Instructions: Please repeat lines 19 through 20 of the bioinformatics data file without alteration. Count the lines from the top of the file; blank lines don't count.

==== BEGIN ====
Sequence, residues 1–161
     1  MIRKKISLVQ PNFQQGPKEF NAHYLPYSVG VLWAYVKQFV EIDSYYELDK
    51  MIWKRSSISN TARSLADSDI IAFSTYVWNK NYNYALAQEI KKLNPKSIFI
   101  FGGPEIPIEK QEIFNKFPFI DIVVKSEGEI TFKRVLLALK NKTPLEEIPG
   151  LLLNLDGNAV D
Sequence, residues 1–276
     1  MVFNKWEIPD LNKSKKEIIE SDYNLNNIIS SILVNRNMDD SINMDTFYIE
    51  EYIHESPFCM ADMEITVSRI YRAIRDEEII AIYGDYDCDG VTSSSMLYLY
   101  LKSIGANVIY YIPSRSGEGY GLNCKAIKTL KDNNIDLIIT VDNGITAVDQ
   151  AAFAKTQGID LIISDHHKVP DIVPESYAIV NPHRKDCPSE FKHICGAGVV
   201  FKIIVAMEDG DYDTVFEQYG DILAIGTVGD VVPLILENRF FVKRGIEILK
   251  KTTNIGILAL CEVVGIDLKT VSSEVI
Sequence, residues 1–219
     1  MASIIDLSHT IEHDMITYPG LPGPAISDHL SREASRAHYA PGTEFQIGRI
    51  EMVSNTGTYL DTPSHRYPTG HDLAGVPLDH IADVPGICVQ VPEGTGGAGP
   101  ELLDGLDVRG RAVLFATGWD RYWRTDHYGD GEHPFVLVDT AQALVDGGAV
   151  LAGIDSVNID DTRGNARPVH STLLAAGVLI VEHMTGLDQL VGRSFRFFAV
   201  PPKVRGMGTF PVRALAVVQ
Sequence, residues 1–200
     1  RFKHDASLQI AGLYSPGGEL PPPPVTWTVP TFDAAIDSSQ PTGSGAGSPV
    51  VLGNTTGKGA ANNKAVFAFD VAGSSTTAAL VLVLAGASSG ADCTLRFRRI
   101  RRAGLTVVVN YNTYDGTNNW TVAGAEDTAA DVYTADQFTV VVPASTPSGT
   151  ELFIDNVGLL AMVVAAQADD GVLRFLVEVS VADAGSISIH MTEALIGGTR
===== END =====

Sequence, residues 1–200
     1  RFKHDASLQI AGLYSPGGEL PPPPVTWTVP TFDAAIDSSQ PTGSGAGSPV